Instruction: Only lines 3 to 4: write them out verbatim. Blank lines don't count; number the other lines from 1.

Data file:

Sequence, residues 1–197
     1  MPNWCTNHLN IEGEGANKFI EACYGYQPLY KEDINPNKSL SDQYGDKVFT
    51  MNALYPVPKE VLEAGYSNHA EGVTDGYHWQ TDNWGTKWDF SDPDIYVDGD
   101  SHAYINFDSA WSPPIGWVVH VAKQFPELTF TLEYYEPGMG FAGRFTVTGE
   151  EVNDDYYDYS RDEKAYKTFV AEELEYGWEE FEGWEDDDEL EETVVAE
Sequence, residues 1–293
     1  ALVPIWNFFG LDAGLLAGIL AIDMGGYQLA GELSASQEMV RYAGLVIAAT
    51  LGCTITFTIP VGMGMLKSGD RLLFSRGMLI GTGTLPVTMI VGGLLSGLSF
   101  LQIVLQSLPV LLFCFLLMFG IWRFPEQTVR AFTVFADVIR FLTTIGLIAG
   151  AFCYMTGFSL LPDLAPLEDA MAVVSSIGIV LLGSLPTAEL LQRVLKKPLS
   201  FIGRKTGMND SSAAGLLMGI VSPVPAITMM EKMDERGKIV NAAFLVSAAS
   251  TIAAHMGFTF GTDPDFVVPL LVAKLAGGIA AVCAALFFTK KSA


    51  MNALYPVPKE VLEAGYSNHA EGVTDGYHWQ TDNWGTKWDF SDPDIYVDGD
   101  SHAYINFDSA WSPPIGWVVH VAKQFPELTF TLEYYEPGMG FAGRFTVTGE